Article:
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Wednesday, April 16, 2014

Judge orders continued detention of alleged HK fugitive

U.S. District Court for the NMI Chief Judge Ramona V. Manglona has ordered the continued detention pending trial of Wei Zeng, an alleged Hong Kong fugitive who was arrested last week when he reportedly tried to enter Saipan using a different identity.

At a detention hearing on Wednesday, Manglona determined that Zeng poses a serious flight risk.

Manglona also found by a preponderance of evidence that Zeng, among other things, lied to the pretrial services officer that he never before traveled outside his country, the People’s Republic of China, before 2014, as it appears that he had a B1/B2 visa and his fingerprint is on file as a person who has previously entered the U.S.

Manglona remanded Zeng to the custody of the U.S. Marshal.

Preliminary hearing will be on Jan. 30 at 1:30pm.

Assistant U.S. attorney Ross Naughton moved for the continued detention of Zeng. Court-appointed defense counsel Bruce Berline opposed the motion.

Zeng was arrested after the U.S. government filed a complaint charging him with making a false statement to a federal agency.

According to Michael D. Lansangan, special agent with Homeland Security Investigations of the Department of Homeland Security, Zeng lied to U.S. Customs and Border Protection when he declared on his form I-736 that he has not previously applied for a U.S. immigrant or non-immigrant visa.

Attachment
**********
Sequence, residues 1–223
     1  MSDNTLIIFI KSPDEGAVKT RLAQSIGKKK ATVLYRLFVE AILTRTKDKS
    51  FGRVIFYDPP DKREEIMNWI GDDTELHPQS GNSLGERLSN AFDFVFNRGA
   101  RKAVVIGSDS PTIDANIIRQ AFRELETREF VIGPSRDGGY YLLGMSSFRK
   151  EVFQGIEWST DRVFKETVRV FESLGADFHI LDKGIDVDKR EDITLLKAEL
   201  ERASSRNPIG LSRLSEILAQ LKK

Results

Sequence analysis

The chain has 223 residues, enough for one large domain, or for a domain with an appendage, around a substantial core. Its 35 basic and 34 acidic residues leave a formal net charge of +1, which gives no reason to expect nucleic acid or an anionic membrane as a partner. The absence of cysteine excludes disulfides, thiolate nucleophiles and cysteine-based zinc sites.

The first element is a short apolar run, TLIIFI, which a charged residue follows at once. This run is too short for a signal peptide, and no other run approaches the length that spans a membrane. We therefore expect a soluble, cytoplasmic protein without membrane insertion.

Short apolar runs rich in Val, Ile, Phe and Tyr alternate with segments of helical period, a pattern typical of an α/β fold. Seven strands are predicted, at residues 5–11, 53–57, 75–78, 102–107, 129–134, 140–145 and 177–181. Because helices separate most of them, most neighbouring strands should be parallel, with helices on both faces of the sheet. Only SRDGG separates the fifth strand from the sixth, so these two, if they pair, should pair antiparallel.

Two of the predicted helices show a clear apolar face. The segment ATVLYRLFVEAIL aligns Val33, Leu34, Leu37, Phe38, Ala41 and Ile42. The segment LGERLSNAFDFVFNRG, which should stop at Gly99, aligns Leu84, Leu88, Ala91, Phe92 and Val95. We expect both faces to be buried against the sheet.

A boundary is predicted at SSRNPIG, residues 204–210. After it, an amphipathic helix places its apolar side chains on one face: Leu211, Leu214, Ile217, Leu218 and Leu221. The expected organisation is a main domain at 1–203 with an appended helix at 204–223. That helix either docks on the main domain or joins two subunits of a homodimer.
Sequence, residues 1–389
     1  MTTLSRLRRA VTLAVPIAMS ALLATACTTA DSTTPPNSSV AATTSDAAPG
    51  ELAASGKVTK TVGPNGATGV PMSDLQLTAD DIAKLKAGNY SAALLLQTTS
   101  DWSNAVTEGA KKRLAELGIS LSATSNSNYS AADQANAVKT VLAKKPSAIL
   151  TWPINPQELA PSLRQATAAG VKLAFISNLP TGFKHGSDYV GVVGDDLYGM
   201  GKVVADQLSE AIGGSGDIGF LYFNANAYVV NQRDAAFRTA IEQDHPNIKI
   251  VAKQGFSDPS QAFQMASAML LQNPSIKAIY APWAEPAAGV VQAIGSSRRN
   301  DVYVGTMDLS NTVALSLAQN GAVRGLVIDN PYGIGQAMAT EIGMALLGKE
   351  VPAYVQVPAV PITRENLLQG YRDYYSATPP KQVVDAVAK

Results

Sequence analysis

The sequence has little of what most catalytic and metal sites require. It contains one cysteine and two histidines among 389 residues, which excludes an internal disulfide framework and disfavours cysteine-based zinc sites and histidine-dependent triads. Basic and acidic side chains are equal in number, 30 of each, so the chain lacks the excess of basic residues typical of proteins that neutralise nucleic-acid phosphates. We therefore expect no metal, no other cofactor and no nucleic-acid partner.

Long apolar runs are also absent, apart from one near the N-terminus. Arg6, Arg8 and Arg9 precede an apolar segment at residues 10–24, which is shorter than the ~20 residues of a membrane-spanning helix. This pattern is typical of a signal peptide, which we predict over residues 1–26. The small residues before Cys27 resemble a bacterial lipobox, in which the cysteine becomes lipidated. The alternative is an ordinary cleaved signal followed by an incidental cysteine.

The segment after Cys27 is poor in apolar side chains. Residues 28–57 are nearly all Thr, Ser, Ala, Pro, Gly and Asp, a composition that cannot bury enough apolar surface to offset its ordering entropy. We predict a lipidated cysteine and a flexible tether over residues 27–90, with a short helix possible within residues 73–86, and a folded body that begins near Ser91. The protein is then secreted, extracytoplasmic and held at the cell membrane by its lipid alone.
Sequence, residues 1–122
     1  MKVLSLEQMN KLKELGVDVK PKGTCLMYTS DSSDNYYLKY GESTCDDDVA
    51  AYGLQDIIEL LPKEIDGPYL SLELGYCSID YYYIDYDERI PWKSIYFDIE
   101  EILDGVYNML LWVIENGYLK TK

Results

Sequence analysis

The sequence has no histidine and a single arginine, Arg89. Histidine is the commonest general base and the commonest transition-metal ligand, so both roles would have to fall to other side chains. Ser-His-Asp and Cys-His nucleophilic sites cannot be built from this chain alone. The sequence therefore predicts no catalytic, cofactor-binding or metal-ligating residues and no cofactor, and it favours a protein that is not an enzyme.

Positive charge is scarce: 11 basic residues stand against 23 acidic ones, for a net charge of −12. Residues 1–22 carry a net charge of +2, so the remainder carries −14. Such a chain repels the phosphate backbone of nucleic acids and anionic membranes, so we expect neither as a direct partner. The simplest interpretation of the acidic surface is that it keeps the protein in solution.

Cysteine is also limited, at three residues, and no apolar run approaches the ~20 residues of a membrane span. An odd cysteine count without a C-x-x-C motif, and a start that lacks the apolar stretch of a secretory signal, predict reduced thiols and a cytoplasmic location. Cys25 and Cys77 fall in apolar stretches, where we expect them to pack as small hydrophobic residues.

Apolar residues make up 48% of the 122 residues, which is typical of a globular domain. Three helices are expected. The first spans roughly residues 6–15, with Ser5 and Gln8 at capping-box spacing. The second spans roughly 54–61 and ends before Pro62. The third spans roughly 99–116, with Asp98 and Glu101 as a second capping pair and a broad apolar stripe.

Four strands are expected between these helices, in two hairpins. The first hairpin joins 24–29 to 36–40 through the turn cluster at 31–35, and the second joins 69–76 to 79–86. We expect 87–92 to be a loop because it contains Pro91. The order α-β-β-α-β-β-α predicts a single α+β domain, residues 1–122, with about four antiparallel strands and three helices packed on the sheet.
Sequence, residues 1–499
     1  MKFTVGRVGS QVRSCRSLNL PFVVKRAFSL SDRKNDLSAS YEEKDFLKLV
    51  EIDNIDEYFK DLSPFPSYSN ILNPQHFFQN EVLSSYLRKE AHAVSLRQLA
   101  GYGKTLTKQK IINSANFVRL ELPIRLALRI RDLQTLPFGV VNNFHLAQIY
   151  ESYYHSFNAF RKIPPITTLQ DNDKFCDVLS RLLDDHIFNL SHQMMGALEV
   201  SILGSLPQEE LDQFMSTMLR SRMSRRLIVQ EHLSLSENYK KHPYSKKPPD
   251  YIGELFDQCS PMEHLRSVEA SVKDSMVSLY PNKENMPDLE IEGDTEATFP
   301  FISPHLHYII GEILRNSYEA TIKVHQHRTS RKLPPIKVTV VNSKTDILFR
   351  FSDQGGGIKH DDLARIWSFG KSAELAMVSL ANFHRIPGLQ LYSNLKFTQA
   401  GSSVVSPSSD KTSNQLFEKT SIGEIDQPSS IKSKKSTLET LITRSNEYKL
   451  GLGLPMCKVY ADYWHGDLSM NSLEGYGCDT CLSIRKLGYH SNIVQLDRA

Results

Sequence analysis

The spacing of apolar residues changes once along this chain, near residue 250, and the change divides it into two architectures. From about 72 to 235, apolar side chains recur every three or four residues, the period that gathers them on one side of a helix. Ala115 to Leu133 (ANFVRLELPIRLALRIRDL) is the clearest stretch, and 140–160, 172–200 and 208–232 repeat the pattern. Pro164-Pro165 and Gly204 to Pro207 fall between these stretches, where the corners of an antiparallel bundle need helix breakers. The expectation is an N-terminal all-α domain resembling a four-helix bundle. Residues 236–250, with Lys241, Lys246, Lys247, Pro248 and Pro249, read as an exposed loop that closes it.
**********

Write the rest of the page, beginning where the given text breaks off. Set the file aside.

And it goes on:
USCBP Form I-736 is a document that certain foreign-born, non-immigrant, non-visa holders visiting Guam or the CNMI must complete prior to entry. It includes basic questions, such as whether the foreign-born national had ever before applied for a U.S. immigrant/non-immigrant visa, or whether the foreign-born national had ever been arrested for any offense or crime.

Special agent Lansangan stated in his affidavit that on Jan. 16, he and other HIS Saipan agents learned from USCBP officials that a Chinese national, Zeng, had arrived on Saipan from Shanghai, China, and sought admission to the U.S. under the conditional parole program.

Lansangan said that Zeng had presented a People’s Republic of China passport to a USCBP officer, which identified Zeng as Zhiqian Liu with Feb. 5, 1963 as his date of birth.

Lansangan revealed that an electronic search or comparison of Zeng’s fingerprints collected by the USCBP officer on Saipan yielded a biometrics match to a Hong Kong national named Wei Zeng with Dec. 26, 1962, as date of birth.

Lansangan said Zeng also appeared to have been the subject of a U.S. visa revocation by the U.S. Department of State because he was a fugitive in Hong Kong.

USCBP officers discovered that Zeng also appeared to be a match to the subject of an active international police red notice.

Lansangan said the Interpol notice, which was published on Oct. 21, 2011, indicated that Zeng is a wanted fugitive from Hong Kong, and the subject of an arrest warrant or judicial decision from Hong Kong for bribery and conspiracy.

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